A man has filed a lawsuit against Charter Communications because of an expletive he says he clearly heard during a church’s recorded television broadcast.
In a handwritten letter of complaint filed March 23 in St. Clair County Circuit Court, Kyron C. Taylor accuses Charter Communications of violating a Federal Communications Commission Telecommunications Act of 1996 regulation.
In a two-page narrative included with the complaint, Taylor describes himself as an “inactive member of Oldpathway Holiness of the Apostolic Faith.” He says he was watching a recorded message broadcast by his pastor in 2010 when he allegedly heard the man use an expletive. When he attempted to discuss what he heard, Taylor says the pastor immediately used “reverse psychology” and accused Taylor of looking for the “negative in the message.”
Taylor says the pastor and “the rest of the brothers” contend the word he heard on the broadcast was “ship.” Taylor provides a detailed description of the pastor’s alleged pronunciation of the word. “Listen carefully and you will not hear a, puh, p sound pronounced,” the explanation reads. Taylor goes on to discuss the pastor’s mouth movements, air flow between his lips and his posture as “proof” of his claims.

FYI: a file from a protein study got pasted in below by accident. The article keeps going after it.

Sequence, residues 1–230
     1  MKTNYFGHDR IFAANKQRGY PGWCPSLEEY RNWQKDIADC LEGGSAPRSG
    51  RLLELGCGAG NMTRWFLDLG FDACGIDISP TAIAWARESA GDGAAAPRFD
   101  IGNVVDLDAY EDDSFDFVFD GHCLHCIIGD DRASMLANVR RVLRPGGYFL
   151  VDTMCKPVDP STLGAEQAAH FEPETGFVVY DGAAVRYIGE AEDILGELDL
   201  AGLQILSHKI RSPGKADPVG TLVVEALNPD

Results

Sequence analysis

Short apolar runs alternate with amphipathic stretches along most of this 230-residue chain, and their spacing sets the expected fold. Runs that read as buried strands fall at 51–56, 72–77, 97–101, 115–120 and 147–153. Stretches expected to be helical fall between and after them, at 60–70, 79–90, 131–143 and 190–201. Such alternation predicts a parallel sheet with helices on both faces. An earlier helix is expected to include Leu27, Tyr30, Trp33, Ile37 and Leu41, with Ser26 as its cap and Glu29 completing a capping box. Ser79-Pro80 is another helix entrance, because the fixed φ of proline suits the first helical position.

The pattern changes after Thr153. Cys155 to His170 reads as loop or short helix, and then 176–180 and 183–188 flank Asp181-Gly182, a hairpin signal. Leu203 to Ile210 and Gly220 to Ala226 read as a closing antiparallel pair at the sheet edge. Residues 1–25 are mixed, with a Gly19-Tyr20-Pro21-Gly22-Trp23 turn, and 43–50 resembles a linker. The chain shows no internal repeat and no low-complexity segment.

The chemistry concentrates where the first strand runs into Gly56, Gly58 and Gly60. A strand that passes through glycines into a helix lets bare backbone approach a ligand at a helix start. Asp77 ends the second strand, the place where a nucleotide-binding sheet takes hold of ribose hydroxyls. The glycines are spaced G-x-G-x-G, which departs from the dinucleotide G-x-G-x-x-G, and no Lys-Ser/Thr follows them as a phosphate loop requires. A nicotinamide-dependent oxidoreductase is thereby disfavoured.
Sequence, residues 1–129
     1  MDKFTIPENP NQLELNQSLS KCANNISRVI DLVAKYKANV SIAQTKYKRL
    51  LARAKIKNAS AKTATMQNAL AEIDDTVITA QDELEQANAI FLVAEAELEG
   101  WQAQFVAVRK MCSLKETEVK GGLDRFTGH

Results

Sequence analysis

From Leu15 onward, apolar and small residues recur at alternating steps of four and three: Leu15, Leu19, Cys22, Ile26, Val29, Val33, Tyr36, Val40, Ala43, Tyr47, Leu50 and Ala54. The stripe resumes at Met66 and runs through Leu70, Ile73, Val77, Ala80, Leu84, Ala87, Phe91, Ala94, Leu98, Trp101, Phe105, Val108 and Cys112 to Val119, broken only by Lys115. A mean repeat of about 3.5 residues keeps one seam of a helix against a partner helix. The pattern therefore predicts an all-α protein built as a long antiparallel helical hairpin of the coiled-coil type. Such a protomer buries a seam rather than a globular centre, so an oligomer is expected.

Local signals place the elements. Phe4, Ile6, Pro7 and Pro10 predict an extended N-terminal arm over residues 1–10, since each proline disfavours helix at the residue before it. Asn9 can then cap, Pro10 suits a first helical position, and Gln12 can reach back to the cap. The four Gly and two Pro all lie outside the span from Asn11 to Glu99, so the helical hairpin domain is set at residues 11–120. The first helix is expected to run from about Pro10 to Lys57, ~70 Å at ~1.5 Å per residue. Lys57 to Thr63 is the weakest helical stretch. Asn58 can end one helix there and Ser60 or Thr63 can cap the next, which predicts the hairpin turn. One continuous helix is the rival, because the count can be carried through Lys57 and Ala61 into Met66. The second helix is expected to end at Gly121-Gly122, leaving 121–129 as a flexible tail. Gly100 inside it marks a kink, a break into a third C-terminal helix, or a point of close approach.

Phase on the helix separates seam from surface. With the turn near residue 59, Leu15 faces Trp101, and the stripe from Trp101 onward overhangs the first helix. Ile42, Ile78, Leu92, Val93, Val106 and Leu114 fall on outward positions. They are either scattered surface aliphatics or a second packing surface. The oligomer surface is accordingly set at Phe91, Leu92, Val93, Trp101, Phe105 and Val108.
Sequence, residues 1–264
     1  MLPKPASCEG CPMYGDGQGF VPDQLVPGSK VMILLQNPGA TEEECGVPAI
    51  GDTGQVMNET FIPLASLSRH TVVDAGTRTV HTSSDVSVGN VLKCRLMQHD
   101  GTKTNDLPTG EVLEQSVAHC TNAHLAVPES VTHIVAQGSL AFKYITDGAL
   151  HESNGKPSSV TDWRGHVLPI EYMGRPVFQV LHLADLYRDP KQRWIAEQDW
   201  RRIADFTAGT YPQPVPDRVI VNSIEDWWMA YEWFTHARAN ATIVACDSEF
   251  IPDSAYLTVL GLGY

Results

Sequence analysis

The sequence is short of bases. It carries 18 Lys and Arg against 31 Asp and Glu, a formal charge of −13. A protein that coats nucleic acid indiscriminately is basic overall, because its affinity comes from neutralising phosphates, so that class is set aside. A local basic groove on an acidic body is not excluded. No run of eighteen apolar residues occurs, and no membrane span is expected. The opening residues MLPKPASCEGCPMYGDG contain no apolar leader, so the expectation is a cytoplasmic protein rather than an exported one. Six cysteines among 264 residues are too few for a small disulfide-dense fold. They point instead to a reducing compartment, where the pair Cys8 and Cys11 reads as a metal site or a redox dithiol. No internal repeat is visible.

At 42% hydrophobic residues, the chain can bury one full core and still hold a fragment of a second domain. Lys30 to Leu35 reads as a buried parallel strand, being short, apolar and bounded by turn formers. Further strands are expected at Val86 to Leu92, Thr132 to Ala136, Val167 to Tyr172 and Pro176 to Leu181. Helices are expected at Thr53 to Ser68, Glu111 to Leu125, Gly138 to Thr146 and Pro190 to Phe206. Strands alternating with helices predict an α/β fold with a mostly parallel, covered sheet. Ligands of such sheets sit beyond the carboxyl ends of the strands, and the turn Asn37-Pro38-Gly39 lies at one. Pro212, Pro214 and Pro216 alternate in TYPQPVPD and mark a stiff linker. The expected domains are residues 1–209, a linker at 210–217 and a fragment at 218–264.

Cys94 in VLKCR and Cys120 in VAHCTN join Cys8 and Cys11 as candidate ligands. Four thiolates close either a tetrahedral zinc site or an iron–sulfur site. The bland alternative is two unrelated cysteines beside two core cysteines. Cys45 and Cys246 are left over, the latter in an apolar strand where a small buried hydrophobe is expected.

Since talking to the pastor about the alleged incident, Taylor says he has been threatened with “banishment” from the church. Taylor says he filed this lawsuit and “put everything on the line” to restore his “profile status as a young Apostolic saint.” To ignore the issue, he says, would make him an “abettor.”
Taylor writes, “this ordeal is causing great embarrassment including psychosomatic trauma and has defamed my character.” At the end of his statement, he says, “This allegation is not true; I voluntarily subject myself to a psychological deception detection examination.”
The complaint does not explain the role Charter Communications plays in the suit or why the company is the only defendant named. Taylor, however, “demands” to be hired by Charter Communications and lists his preferred schedule, pay rate and benefits. He also asks for a $300,000 “check for reparations (for psychological harm).”
Taylor is representing himself in this case.
St. Clair Circuit Court Case No. 12-L-153